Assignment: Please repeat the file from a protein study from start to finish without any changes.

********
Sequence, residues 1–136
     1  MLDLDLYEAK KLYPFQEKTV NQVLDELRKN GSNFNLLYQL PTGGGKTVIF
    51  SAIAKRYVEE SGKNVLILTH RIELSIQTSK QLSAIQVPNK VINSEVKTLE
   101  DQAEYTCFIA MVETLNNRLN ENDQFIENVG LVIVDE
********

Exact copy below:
Sequence, residues 1–136
     1  MLDLDLYEAK KLYPFQEKTV NQVLDELRKN GSNFNLLYQL PTGGGKTVIF
    51  SAIAKRYVEE SGKNVLILTH RIELSIQTSK QLSAIQVPNK VINSEVKTLE
   101  DQAEYTCFIA MVETLNNRLN ENDQFIENVG LVIVDE